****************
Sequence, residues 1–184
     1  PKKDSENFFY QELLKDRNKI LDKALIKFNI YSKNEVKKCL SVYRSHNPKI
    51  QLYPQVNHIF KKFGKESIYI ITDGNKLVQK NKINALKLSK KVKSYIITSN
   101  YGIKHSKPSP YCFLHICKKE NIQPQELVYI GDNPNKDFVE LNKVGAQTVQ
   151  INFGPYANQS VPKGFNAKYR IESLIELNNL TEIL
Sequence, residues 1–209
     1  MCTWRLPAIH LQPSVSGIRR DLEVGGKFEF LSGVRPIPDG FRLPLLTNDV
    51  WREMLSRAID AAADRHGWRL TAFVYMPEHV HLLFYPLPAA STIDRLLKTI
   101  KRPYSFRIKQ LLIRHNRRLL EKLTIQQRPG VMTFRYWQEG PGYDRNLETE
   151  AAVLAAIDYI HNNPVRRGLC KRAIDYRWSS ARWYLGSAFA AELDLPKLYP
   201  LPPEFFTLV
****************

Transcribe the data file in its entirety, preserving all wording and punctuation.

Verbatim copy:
Sequence, residues 1–184
     1  PKKDSENFFY QELLKDRNKI LDKALIKFNI YSKNEVKKCL SVYRSHNPKI
    51  QLYPQVNHIF KKFGKESIYI ITDGNKLVQK NKINALKLSK KVKSYIITSN
   101  YGIKHSKPSP YCFLHICKKE NIQPQELVYI GDNPNKDFVE LNKVGAQTVQ
   151  INFGPYANQS VPKGFNAKYR IESLIELNNL TEIL
Sequence, residues 1–209
     1  MCTWRLPAIH LQPSVSGIRR DLEVGGKFEF LSGVRPIPDG FRLPLLTNDV
    51  WREMLSRAID AAADRHGWRL TAFVYMPEHV HLLFYPLPAA STIDRLLKTI
   101  KRPYSFRIKQ LLIRHNRRLL EKLTIQQRPG VMTFRYWQEG PGYDRNLETE
   151  AAVLAAIDYI HNNPVRRGLC KRAIDYRWSS ARWYLGSAFA AELDLPKLYP
   201  LPPEFFTLV